I don’t like politics much any more. When I was younger, I did. But as the political climate changed, so much hatred developed between those with opposing political views. I can’t remember the last time I had a discussion about politics and it didn’t result in shouting, cursing, name calling or a lost friendship.
Just last night, while on the way to dinner, the lovely lady in the passenger seat said, “who do you want to be our next President.”
Knowing this wasn’t going to end well, I picked someone that I felt she would agree with.
God fordbid I should mention a Republican or I’d probably have to turn the car around and abandon dinner plans!
To be honest, I don’t know who I would want to be the next POTUS, I just wanted to move on to another subject. But, wanting to see just how far I would go before having to pop a Xanax, she said, “you’d like Rush Limbaugh to be President.”
For the next 2.7 miles we argued about why I don’t like our current Commander in Chief and why she loves him. We both laughed at why people think Reagan was a good leader when we all know Nancy was in charge. We speculated why Jeb Bush, who was good as a govenour, doesn’t want anything to do with running for prez and threw in the name of Joe Biden just for good measure (and a laugh).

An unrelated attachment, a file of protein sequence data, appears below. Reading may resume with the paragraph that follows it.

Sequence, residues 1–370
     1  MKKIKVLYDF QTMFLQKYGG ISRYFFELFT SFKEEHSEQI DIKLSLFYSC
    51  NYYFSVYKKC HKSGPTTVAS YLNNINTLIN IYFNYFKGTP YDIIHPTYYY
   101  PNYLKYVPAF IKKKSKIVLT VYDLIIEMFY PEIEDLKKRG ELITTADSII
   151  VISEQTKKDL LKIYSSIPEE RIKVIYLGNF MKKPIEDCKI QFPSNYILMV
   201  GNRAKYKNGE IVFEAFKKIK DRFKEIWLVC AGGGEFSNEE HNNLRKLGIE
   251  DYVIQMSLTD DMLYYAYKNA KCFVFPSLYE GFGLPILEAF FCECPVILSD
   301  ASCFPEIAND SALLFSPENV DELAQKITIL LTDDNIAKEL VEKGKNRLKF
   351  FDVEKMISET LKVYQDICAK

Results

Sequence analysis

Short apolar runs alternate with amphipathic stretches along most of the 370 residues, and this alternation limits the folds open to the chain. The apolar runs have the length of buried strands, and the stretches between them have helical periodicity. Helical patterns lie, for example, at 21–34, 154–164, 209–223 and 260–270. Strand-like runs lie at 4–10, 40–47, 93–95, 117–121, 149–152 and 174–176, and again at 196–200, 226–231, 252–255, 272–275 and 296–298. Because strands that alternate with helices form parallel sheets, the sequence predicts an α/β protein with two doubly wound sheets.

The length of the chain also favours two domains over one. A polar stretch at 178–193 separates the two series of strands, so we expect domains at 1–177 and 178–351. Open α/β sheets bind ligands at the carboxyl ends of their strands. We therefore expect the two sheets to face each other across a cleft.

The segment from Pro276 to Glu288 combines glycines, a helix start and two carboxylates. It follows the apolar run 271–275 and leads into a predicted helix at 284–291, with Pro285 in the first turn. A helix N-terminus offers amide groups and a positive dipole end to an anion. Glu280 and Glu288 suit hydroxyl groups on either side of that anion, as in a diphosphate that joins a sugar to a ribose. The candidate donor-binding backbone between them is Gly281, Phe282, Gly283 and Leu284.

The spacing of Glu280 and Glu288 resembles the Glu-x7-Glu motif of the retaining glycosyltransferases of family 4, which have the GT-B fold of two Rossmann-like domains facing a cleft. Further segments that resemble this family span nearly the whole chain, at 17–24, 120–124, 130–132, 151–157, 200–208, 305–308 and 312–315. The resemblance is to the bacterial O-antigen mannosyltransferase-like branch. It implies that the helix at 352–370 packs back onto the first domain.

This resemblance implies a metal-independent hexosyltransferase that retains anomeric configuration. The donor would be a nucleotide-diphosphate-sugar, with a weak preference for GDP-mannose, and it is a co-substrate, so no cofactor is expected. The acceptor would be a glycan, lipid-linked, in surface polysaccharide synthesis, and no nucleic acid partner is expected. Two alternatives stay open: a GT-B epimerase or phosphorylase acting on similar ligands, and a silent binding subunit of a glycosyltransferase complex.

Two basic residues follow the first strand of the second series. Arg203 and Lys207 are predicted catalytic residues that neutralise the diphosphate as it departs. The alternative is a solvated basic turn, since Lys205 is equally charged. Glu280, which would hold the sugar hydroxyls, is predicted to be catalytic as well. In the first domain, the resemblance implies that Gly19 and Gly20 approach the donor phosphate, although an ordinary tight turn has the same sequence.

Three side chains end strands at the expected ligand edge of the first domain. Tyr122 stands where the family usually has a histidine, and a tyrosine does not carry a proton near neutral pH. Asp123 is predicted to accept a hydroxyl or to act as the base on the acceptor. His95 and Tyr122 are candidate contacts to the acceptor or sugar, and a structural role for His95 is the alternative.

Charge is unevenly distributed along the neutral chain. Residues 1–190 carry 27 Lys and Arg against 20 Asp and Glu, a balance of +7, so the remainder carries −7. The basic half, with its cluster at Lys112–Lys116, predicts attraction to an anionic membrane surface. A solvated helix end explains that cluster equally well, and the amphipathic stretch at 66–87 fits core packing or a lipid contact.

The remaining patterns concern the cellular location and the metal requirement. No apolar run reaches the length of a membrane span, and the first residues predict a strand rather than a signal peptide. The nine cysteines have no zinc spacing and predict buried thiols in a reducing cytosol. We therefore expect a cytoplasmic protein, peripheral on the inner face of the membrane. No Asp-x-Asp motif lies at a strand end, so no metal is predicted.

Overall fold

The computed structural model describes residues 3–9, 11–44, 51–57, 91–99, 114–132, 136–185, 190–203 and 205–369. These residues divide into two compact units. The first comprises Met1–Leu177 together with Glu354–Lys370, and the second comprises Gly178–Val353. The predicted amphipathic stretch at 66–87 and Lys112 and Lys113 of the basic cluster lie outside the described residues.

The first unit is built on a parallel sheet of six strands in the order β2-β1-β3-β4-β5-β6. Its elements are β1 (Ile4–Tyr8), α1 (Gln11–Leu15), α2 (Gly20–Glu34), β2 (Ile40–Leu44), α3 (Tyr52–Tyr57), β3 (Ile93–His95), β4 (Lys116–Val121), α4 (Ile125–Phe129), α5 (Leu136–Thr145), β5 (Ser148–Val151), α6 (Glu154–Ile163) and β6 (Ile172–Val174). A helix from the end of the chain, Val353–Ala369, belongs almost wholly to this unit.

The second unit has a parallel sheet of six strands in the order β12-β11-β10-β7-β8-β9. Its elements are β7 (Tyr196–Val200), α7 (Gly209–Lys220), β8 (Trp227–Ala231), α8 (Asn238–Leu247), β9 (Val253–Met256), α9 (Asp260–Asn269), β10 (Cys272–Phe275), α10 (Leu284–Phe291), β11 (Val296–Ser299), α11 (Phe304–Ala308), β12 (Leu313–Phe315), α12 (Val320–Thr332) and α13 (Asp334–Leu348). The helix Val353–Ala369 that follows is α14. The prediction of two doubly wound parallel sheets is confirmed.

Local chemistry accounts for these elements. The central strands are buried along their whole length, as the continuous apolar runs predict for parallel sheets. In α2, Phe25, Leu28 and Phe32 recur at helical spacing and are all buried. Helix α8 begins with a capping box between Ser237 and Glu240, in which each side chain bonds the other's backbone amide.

When the political nit-picking was over, I looked for the button that turns the magic fingers on, because my back was suddenly tenser than a Palm Beacher’s face after a lift.
I thought about how this one subject – politics – can polarize individuals in such a way that it’s almost mind-blowing. Take a look at your Facebook wall and see some of the political stuff your friends post then look at the comments below. There’s no civility. There’s just name calling.
It’s gotten to the point that on a sunny day, your Republican friend will say the sky is blue and your Democratic friend will say it’s gray, and the Independent will say it’s dusky pink. The three will stand and argue over it, walk away, then never speak to each other again.
I tend to refrain from political discussions. If I’m in the company of others and it comes up, I politely ask if the subject can be changed. Same goes for religion. I was brainwashed into believing that selling enough magazines and candy bars in Catholic school was the key to getting into heaven. I’m smarter than that now and learned that god is really J.P. Morgan Chase and heaven is a well balanced 401k.
Growing up I was taught to respect the office of the President, regardless of who’s in office. I’m wondering at what point in history it became acceptable not to. Unfortunately, rather than take part in discussions of political nature, I tend to invoke that trite phrase “why can’t we all just get along.”